Lorde of the Midwest: Royals’ Endless Playoff Hunt

Royals vs Oakland

In the midst of one of the longest playoff droughts in the MLB, the Kansas City Royals are searching for a competitive playoff birth for the first time since 1985. As their roster is one of the youngest in the Majors, it would appear that these playoff hopes may end after this season due to the fact that they do not have the budget to sustain the contracts of their young talent. With James Shields, Mike Moustakas, and Eric Hosmer. Shields holds down the starting rotation, posting a 13-9 record this past time. Moustakas and Hosmer pin down the corners of the infield and each posted batting averages of .233 and .302 respectively. As mentioned, this may be the last time this assemblage of lords take the field in the same manner for Kansas City due to payroll difficulties. 


Last season, the Royals finished 3rd in the AL Central with a record of 86-76. They missed a playoff berth by 12.5 games and finished above average in the context of the MLB, yet they still missed out on the postseason. Although they still have some moving pieces in their lineup, this season looks promising for the Royals with nearly all of their impact players returning for the 2014 season.


Here is a look at a statistical breakdown of the Royals’ top 3 players for last season. Notice the high batting average for Hosmer along with the decent RBI numbers. Moustakas has average numbers for last season but is still young in his career and will look to break out of his slump for this season and define himself as a player. Shields posted impressive strikeout numbers and had one of the league leading ERA columns in the Majors this past season, as evidenced by his high Wins above Replacement (WAR).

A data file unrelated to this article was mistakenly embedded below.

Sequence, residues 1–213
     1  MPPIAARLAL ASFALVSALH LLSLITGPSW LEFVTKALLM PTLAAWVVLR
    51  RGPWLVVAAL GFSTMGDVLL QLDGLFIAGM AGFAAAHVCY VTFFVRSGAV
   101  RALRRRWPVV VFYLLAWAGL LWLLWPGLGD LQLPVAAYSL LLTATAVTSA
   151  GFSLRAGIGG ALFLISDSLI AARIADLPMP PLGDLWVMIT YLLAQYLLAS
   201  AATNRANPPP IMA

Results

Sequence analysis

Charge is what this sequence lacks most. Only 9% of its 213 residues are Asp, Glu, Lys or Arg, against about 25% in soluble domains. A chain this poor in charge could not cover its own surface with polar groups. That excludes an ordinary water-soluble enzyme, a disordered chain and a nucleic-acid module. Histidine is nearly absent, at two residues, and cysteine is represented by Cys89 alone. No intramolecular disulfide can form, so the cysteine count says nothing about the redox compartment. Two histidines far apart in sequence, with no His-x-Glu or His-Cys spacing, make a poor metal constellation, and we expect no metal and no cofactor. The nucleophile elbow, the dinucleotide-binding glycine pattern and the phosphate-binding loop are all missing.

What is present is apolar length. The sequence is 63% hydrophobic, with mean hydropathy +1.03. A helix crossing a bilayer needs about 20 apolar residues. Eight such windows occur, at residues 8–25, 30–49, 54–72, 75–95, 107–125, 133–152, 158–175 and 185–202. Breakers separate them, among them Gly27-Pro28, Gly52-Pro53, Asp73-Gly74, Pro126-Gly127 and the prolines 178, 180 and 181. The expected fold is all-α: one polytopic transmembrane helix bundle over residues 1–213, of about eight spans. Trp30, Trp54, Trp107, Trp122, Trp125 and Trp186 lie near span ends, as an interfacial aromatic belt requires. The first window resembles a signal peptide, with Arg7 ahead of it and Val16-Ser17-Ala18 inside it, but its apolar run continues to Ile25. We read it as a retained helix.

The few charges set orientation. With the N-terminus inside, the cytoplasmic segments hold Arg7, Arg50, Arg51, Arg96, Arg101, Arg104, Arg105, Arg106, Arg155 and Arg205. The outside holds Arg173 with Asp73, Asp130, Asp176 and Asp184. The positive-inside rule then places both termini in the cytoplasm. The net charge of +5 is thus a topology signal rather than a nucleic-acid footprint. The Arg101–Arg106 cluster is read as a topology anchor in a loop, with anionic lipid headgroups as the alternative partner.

Mike Moustakas 136 472 110 26 12 42 0.233 0.287 0.364 0.1
Eric Hosmer 159 623 188 34 17 79 0.302 0.353 0.448 3.1
James Shields 34 13 9 228.2 68 196 7.71 1.24 3.15 4.1

Another thing to note is Moustakas has a very high slugging percentage in relation to his batting average. This is evinced through his knack for cracking doubles in the gap since nearly a quarter of his hits were doubles last season. Shields also posted an impressive K/BB number of 2.88, which ranks among the league’s best for the year.

One thing that these players need to work on is pushing across runs and, in Shield’s case, prevent the other team from doing the same. While Hosmer and Moustakas posted quality numbers last season, they have pretty low RBI numbers for the amount of hits they produced. They need to be more productive with runners in scoring position than they have been in the past in order to make a quality run for the playoffs.

While Shields had a quality season, his numbers in the win column were rather lackluster. While much of this appears to be from a lack of run support, he needs to be a little better in close games in order to take Kansas City to the next level. He could accomplish this by pitching to contact rather than the strike out. This way, he will go deeper in games and rely less on the bullpen to finish out games.

Regardless of how this season ends with the realignment of players, the Royals are in a desperate need for making the playoffs. Approaching 30 years without a playoff appearance is not a good sign for an MLB franchise. If this lack of success is sustained, it is quite possible that they will be shipped off to a different part of the country, just like the Expos were in 2004. Despite all of this, I am definitely wishing the best for the franchise as I always love a good underdog story.


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